The signs are up, but the opening date of Charleston's new Publix grocery store is, well, not yet public.
In fact, it's well past the original expiration date.
Two years ago, the developers of the store in the ground floor of the new 10 WestEdge building at Lockwood Boulevard and Spring Street announced that the peninsula's third full-service supermarket would open in October 2018.
That was then.
Mother Nature is likely responsible for at least some of the delays in the form of two disruptive hurricanes and a crippling January 2018 ice-and-snow event that shut down the economy for days.
Last week, crews were still busily upfitting the high-profile building near the Ashley River and the city's medical district.
The contractor and a Publix representative said they weren't ready to make an official announcement on the timing of the supermarket's opening, which appears will be pushed to early 2019.
Sears Holdings has placed four South Carolina stores among its "Go Forward" sites, but precisely how far they’ll go in the future is anything but certain.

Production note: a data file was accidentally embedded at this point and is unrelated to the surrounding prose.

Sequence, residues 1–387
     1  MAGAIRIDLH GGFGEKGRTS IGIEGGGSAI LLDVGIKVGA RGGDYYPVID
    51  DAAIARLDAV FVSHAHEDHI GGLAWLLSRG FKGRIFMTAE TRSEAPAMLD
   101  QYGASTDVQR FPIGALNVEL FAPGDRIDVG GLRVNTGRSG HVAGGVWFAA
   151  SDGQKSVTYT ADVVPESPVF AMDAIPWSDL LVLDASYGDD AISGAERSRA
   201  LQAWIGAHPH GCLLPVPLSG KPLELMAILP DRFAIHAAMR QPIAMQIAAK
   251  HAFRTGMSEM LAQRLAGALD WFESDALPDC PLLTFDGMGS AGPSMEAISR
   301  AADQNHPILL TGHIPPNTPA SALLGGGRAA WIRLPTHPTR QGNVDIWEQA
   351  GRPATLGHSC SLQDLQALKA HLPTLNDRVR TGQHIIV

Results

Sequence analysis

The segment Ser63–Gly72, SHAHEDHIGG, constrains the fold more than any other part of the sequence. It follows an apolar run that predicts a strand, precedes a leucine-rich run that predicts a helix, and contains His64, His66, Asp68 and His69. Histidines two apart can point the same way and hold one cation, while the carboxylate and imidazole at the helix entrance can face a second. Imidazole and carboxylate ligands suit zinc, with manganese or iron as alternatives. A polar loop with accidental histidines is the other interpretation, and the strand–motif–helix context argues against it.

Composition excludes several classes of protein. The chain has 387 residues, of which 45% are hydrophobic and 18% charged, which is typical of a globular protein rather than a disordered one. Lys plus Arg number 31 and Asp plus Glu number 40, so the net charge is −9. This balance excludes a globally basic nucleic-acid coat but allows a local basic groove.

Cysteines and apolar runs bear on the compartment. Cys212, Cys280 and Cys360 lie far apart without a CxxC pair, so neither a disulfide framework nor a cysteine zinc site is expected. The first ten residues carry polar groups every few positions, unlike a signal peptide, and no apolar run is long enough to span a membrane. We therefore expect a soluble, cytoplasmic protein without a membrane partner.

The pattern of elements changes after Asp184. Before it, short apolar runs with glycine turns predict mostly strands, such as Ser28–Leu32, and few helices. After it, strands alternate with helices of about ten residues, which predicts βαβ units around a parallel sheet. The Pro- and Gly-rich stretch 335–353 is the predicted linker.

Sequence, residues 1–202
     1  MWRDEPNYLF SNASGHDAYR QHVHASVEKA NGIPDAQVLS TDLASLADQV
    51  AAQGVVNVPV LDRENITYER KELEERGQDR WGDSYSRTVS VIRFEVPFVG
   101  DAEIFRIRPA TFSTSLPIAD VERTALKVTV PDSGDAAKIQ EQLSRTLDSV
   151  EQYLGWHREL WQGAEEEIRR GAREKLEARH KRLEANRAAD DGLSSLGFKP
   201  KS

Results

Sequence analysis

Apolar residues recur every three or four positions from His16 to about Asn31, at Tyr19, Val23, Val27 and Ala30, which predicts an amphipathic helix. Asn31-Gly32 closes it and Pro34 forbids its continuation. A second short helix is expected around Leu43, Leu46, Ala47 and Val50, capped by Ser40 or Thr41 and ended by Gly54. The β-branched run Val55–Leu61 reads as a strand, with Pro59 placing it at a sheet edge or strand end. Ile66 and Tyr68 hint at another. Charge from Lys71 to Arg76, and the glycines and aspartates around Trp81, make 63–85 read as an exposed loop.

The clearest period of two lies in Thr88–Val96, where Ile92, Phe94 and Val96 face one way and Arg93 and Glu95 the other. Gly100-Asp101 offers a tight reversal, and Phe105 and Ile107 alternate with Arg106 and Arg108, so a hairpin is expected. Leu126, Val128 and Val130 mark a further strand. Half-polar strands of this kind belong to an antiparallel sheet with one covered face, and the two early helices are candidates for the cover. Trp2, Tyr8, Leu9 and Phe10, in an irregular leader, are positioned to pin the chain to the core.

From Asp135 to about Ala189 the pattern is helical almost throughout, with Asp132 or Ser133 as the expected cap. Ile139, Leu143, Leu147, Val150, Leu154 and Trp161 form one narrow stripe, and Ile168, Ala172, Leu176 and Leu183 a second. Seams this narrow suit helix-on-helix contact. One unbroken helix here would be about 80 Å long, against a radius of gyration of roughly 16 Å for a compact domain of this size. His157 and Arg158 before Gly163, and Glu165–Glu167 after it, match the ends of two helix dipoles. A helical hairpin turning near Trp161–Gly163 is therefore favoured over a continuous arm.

The financially hobbled parent of Sears and Kmart recently disclosed 505 U.S. locations it plans to sell to the highest bidder to raise money under the bankrupt retailer’s proposed restructuring.
The court document shows stores in Greenville, Lexington, Sumter and West Columbia will be included in the auction. All four are occupied by Kmart.
Sears Holding announced it’s putting the real estate on the block last week, more than a month after it filed for bankruptcy protection.
Longtime company investor and former CEO Edward Lampert and his ESL hedge fund are expected to use the money they claim to be owed to submit a cashless offer known as a “credit bid” to try and buy the properties. Competing buyers can seek to up the ante once the floor price is established.
Sears already has sold off valuable assets and shuttered about 1,700 retail locations since 2008 in an effort to stay afloat. The casualties include every Kmart and both full-line namesake department stores in the Charleston area.
Elsewhere in South Carolina, Sears Holdings shows 22 locations on its website, including some independently owned merchandisers. That number is set to drop to 19: The Kmart stores in Mauldin and Rock Hill, along with the Sears in Rock Hill, are going dark by the end of the year.
Wednesday is the first deadline for bidders to indicate whether they plan to participate in the auction of the 505 "Go Forward" stores and other Sears-owned assets. The next key court hearing is Jan. 11.
“A store on this list does not necessarily mean that it will not be closed/liquidated in the near future — only that it is up for sale," according to an analysis of the proposal posted last week on the financial website Seeking Alpha.